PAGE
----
Blog | Traffic Lawyers 4 U
Greater Manchester police have issued a warning to motorists that speeding fines apparently issued by the police which contact the motorist by email are a scam and should not be responded to.
There have been reports of a number of bogus emails purporting to be from Greater Manchester Police issuing speeding fines. The police do not issue speeding tickets by email. Under no circumstances should they be responded to.
Should you receive any speeding ticket
either by post or, online feel free to contact us at TrafficLawyer4U solicitors for a free, no obligation discussion.
Motorists will face an increase in speeding ticket
and police prosecutions for speeding because average speed cameras are to be allowed on a roads and motorways to reduce air pollution.
Experts say that the reduction of traffic speed ensures the smooth flow of traffic on motorways and reduces harmful emissions.
Research from across Europe, including Holland has shown that reducing the speed limit to 50 mph on motorways in built-up areas significantly reduces harmful emissions.
Average speed cameras track vehicles over a set distance rather than measuring the exact speed at a fixed point. They already cover in excess of 250 miles of road in Britain. The shortest average speed camera in the country is a mile long across Tower Bridge in London.
We predict a significant increase in speeding tickets
issued as a result of offences captured by average speed cameras not just on motorways but also on A roads.
At TrafficLawyer4U solicitors we are being contacted by an increasing number of motorists who are having their driving licences revoked by the DVLA for a variety of reasons.
A marked increase in revoked driving licences is as a result of motorists failing the eye test. A motorist is required to be able to read a motor numberplate from 20m away. Those motorists who fail the eyesight test are regarded as a safety risk and will have their driving licences revoked by the DVLA.
Under a new system introduced, known as Cassie's law, following the death of Cassie McCord by a motorist with failing eyesight, the DVLA can immediately revoke a driving licence after receiving an email because of a failed eye test from the police. The police have the power to carry out a roadside eyesight test if they have concerns that a motorist cannot read signs, markings on the road layout.
It is possible for a motorist to appeal the revocation of a driving licence by the DVLA. The appeal procedure takes place at the Magistrates Court and would only be successful if the motorist could produce reliable medical evidence to confirm that they could pass the eyesight test.
The number of motorists facing a prosecution for speeding offences on the motorway has drastically increased.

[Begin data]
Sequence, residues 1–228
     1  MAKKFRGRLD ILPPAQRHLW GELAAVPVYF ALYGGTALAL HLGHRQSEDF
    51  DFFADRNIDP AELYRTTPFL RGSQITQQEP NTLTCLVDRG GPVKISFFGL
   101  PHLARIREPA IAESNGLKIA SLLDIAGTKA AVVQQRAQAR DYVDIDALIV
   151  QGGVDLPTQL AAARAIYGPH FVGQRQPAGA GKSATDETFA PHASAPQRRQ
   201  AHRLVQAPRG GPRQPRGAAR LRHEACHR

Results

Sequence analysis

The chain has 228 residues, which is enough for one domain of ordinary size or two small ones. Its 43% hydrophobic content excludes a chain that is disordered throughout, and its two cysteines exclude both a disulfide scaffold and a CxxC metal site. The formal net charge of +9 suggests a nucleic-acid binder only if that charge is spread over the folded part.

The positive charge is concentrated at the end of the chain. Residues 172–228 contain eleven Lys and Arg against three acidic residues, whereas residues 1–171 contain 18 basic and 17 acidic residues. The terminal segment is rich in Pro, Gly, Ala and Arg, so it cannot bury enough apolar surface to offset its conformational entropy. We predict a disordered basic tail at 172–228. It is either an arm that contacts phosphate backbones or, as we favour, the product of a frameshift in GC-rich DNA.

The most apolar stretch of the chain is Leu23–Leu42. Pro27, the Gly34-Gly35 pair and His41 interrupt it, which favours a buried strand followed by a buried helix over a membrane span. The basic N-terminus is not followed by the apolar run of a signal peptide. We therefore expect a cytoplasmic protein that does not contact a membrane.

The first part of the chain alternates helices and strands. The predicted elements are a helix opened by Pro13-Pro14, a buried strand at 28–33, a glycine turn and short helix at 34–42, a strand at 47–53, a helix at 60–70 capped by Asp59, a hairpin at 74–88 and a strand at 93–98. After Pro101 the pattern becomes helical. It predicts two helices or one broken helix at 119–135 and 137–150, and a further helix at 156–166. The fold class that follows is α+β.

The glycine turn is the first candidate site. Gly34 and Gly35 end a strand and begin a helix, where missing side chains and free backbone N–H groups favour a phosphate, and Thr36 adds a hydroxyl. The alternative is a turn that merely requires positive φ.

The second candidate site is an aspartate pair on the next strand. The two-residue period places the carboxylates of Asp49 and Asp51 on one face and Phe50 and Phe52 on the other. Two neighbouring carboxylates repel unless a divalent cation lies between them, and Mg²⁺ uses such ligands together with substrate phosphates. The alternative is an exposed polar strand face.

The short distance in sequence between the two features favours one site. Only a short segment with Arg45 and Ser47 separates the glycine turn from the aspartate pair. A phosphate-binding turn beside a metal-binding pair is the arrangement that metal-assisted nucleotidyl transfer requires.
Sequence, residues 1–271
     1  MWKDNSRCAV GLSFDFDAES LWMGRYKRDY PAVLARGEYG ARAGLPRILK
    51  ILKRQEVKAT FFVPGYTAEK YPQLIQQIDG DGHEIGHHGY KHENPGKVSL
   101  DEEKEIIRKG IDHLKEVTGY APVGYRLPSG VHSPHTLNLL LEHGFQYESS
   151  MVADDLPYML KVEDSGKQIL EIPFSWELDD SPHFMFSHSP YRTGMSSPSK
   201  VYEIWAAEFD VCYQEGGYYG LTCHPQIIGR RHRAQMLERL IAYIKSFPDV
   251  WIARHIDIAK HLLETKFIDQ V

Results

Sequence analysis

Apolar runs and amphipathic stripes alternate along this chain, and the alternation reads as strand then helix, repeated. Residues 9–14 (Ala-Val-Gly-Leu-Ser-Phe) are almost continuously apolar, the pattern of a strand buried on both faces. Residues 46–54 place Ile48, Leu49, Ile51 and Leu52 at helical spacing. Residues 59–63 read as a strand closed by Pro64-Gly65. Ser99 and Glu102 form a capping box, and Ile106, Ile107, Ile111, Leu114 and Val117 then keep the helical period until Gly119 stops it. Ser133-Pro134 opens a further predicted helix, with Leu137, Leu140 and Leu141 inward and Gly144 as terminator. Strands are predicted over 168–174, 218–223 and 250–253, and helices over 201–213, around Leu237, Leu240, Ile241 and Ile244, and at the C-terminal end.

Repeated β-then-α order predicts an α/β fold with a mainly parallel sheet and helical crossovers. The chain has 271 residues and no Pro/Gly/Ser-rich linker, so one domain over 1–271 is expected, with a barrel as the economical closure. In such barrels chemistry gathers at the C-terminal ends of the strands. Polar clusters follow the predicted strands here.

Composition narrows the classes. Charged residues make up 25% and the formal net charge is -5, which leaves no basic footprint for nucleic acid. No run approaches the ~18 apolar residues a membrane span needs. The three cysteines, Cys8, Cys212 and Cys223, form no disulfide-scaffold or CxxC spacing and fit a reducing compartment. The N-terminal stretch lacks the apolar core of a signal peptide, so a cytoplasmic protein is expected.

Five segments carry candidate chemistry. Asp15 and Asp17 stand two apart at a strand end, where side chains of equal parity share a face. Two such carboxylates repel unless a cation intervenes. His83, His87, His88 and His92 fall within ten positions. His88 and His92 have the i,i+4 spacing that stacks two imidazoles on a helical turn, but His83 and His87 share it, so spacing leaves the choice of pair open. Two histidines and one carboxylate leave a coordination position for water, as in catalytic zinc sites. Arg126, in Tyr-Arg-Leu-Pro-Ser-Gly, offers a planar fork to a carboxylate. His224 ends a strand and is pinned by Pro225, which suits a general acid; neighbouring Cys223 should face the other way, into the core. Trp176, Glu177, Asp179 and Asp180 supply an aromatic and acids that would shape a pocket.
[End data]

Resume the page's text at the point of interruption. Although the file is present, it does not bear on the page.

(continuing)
Recently released figures show that over 52,000 speeding tickets
were issued on 11 smart sections of motorway including parts of the M1, M25 and M6. This is approximately 50,000 more speeding tickets than the same stretches of motorway five years ago when they were not smart motorways.
Motorists are facing a speeding prosecution largely because of the increased use in variable speed limits on the gantry over motorways. The government insists that this is to improve the running of motorways rather than to raise revenue.
The number of speeding tickets
on the M25 has drastically increased around junctions 23 and 24.
The most motorway speeding tickets issued last year were on the M1 between junctions 10–13 at Luton airport – Bedford.
West Midlands police is the first police force to specifically target drivers of motor vehicles who pass too closely to cyclists.
In future motorists could face prosecution for careless driving or dangerous driving if , when passing a cyclist on the road they go too close. The highway code specifies that when a motorist drives past a cyclist they should give at least the same space as when overtaking a car. The safe passing distance for a car overtaking a cyclist is generally regarded to be a minimum of 1.5 m. This allows for the cyclist falling off the bike as the motorist is passing.
I have defended in a number of motoring cases where a cyclist has been seriously injured or has died when they they have been hit by a motorist overtaking them and, at the same time they either wobbled or fell off the bike. In such cases a motorist who has travelled too close to the cyclist resulting in a fatality would almost certainly find themselves prosecuted for causing death by careless driving or causing death by dangerous driving.
Although initially most drivers will be given words of advice by the roadside, any motorist that the police decide has driven dangerously close to a cyclist will most likely face a prosecution for dangerous driving and taken to court.
Motorists should be aware that cyclists may need to avoid potholes, drain covers or other obstacles on the road and so give sufficient room when overtaking.
The statistics of car accidents involving cyclists resulting inserious injury or death are startling. Between 2010 and 2014 , 530 cyclists were either killed or seriously injured in the West Midlands police force area alone. The vast majority of those were accidents involving cars and cyclists.
Over the last few months the West Midlands police has brought prosecutions for careless or dangerous driving against 38 motorists who went too close to cyclists.